Thursday, 9th of January 2020, 12:00 – 1:00

The Effectiveness of Fake News Flags on Social Media Platforms

SR1, ICT Building,
Technikerstraße 21a, 6020 Innsbruck

Katrin Figl
WI, University of Innsbruck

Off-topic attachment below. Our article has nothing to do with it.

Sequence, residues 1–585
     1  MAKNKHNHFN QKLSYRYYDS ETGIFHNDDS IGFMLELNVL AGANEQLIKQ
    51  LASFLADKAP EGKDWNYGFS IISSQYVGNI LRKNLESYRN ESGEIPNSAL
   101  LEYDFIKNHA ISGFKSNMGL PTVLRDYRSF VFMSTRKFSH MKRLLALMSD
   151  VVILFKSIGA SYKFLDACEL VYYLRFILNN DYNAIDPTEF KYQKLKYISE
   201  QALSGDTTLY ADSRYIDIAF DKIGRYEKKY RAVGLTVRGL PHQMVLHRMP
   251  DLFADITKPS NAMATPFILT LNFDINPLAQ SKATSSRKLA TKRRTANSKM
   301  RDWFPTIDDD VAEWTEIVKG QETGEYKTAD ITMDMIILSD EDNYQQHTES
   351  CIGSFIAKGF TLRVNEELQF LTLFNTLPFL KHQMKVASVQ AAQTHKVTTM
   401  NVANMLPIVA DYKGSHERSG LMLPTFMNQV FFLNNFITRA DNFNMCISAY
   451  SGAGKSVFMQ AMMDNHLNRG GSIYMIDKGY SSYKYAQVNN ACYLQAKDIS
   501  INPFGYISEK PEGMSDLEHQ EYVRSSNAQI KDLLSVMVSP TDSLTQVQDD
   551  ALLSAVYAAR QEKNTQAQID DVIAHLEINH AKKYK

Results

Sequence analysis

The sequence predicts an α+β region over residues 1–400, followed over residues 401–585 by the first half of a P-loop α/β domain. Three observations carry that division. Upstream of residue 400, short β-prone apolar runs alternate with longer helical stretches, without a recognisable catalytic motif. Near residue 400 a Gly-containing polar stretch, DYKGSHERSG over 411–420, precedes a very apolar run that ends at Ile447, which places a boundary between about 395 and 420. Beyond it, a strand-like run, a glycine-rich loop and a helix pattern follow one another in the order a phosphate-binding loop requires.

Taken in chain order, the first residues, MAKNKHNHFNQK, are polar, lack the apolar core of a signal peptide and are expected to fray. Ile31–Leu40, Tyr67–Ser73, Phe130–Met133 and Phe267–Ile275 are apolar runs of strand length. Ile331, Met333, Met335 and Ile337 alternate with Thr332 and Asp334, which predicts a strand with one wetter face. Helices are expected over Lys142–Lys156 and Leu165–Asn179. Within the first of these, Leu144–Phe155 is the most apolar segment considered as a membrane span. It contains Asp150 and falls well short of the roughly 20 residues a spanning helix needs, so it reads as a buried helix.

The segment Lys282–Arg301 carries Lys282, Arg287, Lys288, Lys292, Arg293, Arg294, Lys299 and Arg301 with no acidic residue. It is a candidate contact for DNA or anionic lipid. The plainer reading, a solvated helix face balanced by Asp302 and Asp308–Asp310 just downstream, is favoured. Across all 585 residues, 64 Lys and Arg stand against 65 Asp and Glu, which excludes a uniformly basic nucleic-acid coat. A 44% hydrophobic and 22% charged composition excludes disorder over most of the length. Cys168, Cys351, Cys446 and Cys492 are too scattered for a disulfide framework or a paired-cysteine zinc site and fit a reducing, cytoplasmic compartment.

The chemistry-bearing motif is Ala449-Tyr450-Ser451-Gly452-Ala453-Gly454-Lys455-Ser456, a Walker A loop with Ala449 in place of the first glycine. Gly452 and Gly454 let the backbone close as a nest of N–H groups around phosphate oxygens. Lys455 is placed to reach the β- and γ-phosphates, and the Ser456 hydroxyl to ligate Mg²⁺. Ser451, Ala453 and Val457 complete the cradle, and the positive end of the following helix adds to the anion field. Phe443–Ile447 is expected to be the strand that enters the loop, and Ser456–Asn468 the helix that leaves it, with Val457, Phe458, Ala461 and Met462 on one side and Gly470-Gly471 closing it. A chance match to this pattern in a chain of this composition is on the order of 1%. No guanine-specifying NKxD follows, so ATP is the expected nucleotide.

Social media platforms have no direct control over the production process of their content; therefore, it is crucial for platforms to respond effectively to accusations of distributing fake news. Since fake news are mainly distributed by humans and not by bots, the current quasi-experiment investigates to what extent fake news flags influence the perception of the credibility of social media posts and how fake news flags can be made more effective. Based on a data set of 240 participants using fabricated Facebook posts on political news, the results show that fake news flags have an effective warning effect, but the "implicit truth effect" was not replicated (tagging some fake news headlines did not have the unintended side effect that untagged headlines were considered more accurate). The experiment also tested the semantic priming effect of various fake news flags. For example, a semantic association of a fake news flag with stop behavior (e.g. a stop sign) increased the time spent on a social media post with fake news. Another result was that users engaged more often with social media posts (e.g. shared or liked them) on smartphones than when using a PC, although they spent less time with the posts on a smartphone than when using a PC. The results may help inform policy decisions of social media platforms and their regulators and show that social media platforms can reduce the extent to which their users spread fake news articles by using well-designed fake news flags.

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